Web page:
1 Corinthians says, “Love is patient, love is kind. It does not envy, it does not boast, it is not proud. It does not dishonor others, it is not self-seeking, it is not easily angered, it keeps no record of wrongs. Love does not delight in evil but rejoices with the truth. It always protects, always trusts, always hopes, always perseveres.” In this situation, we are to called to embody love. We are to be patient and kind and protect and trust and hope and persevere.
As I said, the communication with my father and my extended family has been difficult. I have wanted to tell him things and wanted to clear up misunderstandings that have occurred. It has been suggested to me in the past by my mom that I should write letters to my father to explain where I am coming from and to apologize to all of my family for the things that I have done wrong. I have not been perfect; I have made mistakes and in some ways, I am partially to blame. This is true for all of us – like I said earlier, we are all human and we all make mistakes.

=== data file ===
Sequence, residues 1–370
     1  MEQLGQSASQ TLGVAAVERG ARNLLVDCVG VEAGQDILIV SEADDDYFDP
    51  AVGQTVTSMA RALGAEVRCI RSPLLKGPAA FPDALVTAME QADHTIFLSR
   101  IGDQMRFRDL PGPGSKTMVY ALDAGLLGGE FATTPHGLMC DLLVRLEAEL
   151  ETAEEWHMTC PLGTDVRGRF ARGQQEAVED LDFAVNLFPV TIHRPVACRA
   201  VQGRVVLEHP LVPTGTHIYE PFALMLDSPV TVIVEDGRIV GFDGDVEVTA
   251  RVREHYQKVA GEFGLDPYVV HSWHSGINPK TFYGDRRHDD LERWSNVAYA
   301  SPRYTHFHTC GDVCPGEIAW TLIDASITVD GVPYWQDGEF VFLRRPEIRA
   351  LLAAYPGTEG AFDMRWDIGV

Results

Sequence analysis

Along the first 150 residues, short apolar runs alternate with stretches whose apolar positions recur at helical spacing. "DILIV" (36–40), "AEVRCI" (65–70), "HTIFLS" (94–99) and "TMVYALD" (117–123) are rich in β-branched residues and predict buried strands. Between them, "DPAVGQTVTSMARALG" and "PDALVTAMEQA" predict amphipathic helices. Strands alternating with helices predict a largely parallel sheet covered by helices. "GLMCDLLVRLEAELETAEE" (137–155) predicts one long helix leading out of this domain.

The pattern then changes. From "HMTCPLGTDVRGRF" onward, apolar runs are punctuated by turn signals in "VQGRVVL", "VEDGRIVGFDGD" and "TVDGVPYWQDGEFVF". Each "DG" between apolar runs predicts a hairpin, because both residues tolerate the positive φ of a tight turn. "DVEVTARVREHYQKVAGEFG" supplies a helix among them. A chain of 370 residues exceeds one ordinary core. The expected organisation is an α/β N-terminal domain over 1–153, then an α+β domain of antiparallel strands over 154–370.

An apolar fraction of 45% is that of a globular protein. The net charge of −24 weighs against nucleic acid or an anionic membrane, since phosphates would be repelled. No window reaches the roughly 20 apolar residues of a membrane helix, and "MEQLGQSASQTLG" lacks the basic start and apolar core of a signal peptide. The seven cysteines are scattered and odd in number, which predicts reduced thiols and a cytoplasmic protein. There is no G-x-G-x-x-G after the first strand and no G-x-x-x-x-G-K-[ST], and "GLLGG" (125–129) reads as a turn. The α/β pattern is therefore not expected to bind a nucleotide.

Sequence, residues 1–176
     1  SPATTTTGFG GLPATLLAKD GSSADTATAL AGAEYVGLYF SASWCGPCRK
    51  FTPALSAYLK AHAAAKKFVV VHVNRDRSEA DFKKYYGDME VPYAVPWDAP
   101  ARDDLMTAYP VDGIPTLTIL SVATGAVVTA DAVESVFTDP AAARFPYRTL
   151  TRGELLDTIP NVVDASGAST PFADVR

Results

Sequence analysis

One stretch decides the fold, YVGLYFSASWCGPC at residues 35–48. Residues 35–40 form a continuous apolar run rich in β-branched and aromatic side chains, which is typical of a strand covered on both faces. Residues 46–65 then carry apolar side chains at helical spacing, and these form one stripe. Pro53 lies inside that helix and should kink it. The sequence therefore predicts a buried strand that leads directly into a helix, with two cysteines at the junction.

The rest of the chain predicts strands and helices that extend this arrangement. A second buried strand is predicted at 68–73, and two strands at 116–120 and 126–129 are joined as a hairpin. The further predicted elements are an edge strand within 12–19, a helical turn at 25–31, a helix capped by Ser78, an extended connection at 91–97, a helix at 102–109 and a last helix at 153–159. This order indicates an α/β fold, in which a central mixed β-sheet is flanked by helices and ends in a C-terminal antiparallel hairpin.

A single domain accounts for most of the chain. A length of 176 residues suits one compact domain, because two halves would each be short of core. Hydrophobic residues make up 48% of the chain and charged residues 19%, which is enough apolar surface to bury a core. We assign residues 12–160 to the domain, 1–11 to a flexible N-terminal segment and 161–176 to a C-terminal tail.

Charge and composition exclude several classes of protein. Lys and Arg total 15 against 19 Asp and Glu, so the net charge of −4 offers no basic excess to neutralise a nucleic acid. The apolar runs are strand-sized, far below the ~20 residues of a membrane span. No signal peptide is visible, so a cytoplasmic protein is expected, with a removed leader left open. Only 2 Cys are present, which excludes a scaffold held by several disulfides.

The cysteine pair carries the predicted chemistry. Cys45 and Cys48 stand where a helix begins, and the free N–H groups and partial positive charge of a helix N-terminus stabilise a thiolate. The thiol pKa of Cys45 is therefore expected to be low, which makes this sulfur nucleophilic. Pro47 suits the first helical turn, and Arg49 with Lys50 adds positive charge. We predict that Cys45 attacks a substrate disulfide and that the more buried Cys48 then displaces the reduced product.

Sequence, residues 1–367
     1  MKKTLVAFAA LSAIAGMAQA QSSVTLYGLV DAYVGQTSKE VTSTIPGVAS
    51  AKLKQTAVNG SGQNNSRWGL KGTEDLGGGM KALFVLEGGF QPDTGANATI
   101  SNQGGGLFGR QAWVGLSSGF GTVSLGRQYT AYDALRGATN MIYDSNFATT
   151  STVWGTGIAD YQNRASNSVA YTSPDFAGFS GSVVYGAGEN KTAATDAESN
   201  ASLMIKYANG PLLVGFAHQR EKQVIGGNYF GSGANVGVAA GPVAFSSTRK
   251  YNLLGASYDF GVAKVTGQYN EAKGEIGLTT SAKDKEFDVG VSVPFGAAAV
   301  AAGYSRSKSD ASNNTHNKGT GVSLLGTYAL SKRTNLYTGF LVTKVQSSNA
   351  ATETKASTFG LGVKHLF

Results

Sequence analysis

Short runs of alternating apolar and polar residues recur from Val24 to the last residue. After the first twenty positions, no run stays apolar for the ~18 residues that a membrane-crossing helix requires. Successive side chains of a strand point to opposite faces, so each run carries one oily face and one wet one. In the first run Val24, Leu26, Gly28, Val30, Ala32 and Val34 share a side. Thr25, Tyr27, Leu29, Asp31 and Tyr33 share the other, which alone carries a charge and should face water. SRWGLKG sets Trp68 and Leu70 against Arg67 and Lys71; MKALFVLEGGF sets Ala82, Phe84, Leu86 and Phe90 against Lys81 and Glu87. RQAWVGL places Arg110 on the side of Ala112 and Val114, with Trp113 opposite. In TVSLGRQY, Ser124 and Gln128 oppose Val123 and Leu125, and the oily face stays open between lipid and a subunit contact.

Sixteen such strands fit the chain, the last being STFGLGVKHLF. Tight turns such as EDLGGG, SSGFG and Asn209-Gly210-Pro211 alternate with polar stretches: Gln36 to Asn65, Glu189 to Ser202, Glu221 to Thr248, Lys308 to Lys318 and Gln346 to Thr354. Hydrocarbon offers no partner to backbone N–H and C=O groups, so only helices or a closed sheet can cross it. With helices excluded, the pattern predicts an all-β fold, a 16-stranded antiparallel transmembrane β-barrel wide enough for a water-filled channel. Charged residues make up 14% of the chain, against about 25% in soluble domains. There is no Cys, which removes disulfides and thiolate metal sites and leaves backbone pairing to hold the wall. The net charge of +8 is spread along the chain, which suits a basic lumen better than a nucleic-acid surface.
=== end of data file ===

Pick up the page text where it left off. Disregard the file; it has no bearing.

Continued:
My Family Love Challenge
So for Lent this year, I am actually writing letters to my family. I am writing letters to my father, his wife, my grandparents and my aunt and uncle. And I know that these are going to be tough letters to write in terms of what needs to be said. Tough because I will have to find the courage to actually put the words down on paper. Tough because I have to be brave enough to actually send them.